Our Aims and Objectives

We are the UK association for all those who research, study and teach global development issues

Find Out More

What is Development Studies

What is development studies and decolonising development.

Find Out More

Our Members

We have around 1,000 members, made up of individuals and around 40 institutions

Find Out More


Find out about our constitution, how we are run and meet our Council

Find Out More


Meet our Council members and other staff who support the running of DSA

Find Out More


The DSA Conference is an annual event which brings together the development studies community

Find Out More


Our conference this year is themed "Social justice and development in a polarising world"

Find Out More

Past Conferences

Find out about our previous conferences

Find Out More

Study Groups

Our Study Groups offer a chance to connect with others who share your areas of interest

Find Out More

Students and ECRs

Students and early career researchers are an important part of our community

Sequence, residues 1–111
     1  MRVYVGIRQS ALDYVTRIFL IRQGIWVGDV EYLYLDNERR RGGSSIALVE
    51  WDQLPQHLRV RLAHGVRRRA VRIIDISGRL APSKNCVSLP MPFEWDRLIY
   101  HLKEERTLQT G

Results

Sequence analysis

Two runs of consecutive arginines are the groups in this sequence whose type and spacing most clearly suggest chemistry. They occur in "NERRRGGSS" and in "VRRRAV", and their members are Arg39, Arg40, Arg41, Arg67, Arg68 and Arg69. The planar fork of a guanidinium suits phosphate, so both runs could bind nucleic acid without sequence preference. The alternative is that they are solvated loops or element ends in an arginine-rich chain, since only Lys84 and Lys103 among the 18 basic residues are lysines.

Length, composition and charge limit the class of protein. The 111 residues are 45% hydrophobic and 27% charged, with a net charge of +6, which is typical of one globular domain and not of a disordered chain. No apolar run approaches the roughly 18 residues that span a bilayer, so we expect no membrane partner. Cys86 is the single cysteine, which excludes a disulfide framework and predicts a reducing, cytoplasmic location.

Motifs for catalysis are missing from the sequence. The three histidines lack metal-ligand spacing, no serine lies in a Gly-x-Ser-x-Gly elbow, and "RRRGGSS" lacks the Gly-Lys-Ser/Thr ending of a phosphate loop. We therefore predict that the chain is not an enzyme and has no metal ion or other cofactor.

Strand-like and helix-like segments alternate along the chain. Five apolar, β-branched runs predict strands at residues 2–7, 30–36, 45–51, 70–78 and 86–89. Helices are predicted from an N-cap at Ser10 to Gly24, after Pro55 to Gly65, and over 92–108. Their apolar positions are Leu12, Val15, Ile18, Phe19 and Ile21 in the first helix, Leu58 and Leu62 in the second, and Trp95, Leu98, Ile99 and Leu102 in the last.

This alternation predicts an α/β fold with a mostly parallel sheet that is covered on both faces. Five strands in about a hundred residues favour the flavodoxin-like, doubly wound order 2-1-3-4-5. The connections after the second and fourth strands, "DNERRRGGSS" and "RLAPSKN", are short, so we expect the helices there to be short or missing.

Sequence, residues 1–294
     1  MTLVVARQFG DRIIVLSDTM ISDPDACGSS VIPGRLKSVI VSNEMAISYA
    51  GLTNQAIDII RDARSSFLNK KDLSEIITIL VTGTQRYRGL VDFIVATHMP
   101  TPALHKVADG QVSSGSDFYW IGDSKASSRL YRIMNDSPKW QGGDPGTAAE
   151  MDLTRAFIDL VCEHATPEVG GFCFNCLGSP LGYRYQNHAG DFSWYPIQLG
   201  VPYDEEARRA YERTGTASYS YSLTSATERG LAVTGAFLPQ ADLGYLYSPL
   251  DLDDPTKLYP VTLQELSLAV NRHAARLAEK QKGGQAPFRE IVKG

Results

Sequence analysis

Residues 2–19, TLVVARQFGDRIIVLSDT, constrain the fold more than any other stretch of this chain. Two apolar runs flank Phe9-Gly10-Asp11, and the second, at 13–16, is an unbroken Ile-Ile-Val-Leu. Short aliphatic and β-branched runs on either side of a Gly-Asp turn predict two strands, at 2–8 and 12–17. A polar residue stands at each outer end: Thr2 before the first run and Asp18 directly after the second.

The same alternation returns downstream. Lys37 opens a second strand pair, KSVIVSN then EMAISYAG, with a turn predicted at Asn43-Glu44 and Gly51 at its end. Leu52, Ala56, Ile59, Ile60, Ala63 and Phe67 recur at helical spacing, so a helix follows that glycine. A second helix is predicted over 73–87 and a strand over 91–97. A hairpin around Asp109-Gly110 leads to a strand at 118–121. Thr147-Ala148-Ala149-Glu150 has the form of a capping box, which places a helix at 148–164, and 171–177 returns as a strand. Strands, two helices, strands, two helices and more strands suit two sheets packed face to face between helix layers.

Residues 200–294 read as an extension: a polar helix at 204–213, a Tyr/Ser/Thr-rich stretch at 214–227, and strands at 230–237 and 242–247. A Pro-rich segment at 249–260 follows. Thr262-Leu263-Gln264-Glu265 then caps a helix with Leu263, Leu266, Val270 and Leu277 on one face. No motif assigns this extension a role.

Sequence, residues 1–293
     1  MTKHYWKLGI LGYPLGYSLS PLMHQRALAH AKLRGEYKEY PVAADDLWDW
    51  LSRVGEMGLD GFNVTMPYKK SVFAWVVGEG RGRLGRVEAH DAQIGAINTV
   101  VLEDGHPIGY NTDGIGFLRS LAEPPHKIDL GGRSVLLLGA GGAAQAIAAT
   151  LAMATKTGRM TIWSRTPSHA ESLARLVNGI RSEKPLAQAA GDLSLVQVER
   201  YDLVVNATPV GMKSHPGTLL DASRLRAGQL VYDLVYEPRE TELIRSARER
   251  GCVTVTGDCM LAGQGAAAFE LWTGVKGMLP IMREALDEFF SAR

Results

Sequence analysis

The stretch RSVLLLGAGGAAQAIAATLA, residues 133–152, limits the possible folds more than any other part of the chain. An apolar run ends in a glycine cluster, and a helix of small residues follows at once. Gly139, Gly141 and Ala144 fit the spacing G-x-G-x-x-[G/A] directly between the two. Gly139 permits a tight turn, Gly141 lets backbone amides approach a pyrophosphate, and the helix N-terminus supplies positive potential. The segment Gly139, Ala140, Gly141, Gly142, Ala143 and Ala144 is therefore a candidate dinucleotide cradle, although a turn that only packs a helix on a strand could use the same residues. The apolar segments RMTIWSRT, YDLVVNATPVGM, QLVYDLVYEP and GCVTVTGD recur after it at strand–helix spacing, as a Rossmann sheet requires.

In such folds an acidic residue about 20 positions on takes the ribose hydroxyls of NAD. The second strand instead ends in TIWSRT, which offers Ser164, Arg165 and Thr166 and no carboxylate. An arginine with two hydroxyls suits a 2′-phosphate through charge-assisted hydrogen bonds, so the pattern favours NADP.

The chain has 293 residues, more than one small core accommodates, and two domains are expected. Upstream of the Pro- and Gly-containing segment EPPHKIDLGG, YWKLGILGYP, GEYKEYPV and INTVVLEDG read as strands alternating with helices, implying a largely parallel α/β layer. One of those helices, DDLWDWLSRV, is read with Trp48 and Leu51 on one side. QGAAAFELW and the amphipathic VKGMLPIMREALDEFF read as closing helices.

Find Out More


Our book series with OUP and our relationship with other publishers

Find Out More

North-South Research

A series of workshops exploring North-South interdisciplinary research with key messages and reports

Find Out More

Membership Directory

Find out who our members are, where they are based and the issues they work on

Find Out More

School of International Development, University of East Anglia, April

New open access book

Martin Scott has co-authored an open-access book for Routledge titled “Humanitarian Journalists: Covering Crises from a Boundary Zone”.



Financial inclusion


Jonathan Pattenden has edited a special issue in Journal of Agrarian Change and drafted an editorial titled, “Progressive politics and populism: Classes of labour and rural–urban political sociology—An introduction to the special issue” which looks at the the potential for progressive politics to take hold in rural farming communities.


Kavita Ramakrishnan has co-authored an article in Dialogues in Human Geography titled, “Mapping affective infrastructures otherwise” which looks at the uneven infrastructure impacts marginalised communities